Here are three reasons supported by research that indicate your child should have overnight visits with you, regardless of age.

Child custody attorney could assist in same-sex parent cases

For many same-sex couples in Florida and across the nation, the 2015 U.S. Supreme Court ruling on same-sex marriage has led to a great many improvements in their lives. The ability to marry is a right that has been a long time coming, and families across the nation have taken advantage of that right to begin building their families. Even so, same-sex couples still face challenges when it comes to parental rights, and some are fighting back by taking their cases through the court system with the help of a child custody attorney.

An example is found in the case of a woman who was denied parental status in relation to her young son. The woman married her female partner, and the two women took steps to add to their family. Both underwent fertility testing, and they decided which one would carry their child with the assistance of an anonymous sperm donor. They sent out birth announcements crafted to celebrate their nontraditional family structure, and both women shared parenting responsibilities toward their son.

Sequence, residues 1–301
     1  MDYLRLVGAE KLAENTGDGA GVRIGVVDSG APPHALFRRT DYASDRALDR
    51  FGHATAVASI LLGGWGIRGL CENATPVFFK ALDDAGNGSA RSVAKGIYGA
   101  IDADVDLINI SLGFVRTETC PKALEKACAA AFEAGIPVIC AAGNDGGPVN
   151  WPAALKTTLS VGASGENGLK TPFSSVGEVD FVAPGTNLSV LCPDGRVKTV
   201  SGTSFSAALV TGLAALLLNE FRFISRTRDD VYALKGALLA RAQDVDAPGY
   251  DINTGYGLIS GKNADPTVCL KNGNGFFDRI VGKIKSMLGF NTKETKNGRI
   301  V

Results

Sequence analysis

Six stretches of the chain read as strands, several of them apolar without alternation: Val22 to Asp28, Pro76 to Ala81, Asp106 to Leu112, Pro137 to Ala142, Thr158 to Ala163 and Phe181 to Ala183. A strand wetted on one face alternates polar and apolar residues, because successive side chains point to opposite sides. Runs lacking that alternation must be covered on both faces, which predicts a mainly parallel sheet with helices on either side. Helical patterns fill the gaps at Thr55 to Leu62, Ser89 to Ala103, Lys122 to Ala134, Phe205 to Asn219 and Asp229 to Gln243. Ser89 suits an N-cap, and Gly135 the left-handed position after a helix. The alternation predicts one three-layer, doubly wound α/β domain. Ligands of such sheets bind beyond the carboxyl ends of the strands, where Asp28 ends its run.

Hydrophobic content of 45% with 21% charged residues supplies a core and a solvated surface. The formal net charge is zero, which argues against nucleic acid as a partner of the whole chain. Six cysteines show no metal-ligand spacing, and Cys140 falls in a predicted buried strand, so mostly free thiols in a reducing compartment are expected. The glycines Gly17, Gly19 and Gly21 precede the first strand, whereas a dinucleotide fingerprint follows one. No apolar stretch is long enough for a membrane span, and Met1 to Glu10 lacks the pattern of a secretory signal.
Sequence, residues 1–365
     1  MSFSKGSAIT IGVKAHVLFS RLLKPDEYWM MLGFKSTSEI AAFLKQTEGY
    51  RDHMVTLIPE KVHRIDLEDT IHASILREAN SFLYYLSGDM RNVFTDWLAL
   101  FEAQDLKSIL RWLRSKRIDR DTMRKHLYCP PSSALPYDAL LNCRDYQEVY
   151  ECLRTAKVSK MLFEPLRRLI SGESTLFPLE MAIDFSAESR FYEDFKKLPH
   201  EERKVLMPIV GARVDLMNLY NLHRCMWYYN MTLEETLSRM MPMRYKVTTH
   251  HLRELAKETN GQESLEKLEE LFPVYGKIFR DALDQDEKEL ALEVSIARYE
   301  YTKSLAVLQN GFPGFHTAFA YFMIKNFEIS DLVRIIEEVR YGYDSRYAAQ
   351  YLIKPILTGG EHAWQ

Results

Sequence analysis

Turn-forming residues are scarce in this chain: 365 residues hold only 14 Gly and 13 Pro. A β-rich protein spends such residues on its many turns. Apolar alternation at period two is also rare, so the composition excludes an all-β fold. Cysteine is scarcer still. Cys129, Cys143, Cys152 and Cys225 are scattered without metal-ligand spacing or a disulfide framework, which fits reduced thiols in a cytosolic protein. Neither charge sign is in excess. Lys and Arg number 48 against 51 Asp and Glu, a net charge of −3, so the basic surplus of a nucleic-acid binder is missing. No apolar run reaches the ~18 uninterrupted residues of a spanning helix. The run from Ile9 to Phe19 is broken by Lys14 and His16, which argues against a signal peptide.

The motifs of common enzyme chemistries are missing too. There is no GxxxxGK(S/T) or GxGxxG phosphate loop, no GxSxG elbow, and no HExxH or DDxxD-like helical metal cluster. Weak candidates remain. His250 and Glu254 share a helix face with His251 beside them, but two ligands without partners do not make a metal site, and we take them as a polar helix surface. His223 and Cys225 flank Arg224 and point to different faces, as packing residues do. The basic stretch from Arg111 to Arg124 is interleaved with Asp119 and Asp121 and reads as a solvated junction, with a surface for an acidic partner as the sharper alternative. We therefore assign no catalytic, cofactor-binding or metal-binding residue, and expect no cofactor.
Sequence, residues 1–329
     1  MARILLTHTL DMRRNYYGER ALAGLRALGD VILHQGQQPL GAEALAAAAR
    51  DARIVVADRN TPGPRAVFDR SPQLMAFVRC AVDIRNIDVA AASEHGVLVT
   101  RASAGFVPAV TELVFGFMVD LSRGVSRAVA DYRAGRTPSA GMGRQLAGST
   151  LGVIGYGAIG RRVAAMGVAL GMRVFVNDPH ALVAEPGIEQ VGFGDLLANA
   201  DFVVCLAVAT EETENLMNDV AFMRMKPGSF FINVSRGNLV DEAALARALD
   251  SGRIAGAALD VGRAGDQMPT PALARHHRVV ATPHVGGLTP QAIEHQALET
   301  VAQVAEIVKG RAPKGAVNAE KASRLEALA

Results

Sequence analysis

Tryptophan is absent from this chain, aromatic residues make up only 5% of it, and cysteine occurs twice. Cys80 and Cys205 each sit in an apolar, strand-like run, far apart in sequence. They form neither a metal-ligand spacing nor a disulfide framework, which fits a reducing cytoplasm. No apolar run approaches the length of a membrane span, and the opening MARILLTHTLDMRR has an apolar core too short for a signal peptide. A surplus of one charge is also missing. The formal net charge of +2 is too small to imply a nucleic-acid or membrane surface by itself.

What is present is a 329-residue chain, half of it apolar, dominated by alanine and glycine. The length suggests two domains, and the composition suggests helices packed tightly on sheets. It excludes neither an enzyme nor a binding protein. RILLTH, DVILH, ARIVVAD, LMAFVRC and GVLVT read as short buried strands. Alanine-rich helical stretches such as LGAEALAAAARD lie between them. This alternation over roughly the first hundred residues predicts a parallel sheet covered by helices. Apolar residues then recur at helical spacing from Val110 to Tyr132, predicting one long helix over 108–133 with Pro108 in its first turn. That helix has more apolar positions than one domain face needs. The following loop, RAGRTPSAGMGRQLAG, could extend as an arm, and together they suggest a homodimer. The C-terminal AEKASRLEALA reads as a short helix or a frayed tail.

Prenuptial agreements may help plan for divorce in Florida

Many Florida residents may find planning for the possibility of divorce useful. It is not unrealistic to consider that a marriage will not last forever, as numerous couples choose to end their relationships every day. In fact, planning tools, such as prenuptial agreements, can help interested parties address property division and other areas long before the need arises. 

Some individuals may go a little overboard with the divorce planning, however. A recent report indicated that a couple looking for a wedding photographer found issue with the contracts they had gone over so far. Apparently, there was no clause indicating that a refund would be given in the event that the couple divorced. Of course, most people would see no need for this type of guarantee when it comes to wedding photos.

Shared parenting can work for many Florida families

When contemplating divorce, many parents cannot bear the thought of losing access to their children. The end of a marriage does necessitate a change in parenting schedules, but those changes do not have to be negative. There is a wide body of research that supports the notion that shared child custody is a great structure for families, and Florida spouses are encouraged to give this approach careful consideration.

According to research, children who spend at least 35 percent of their time with each parent have a number of positive outcomes. They are less likely to engage in risky behaviors such as smoking, drinking or drug use. They are also less susceptible to issues like depression, anxiety and other stress-related disorders.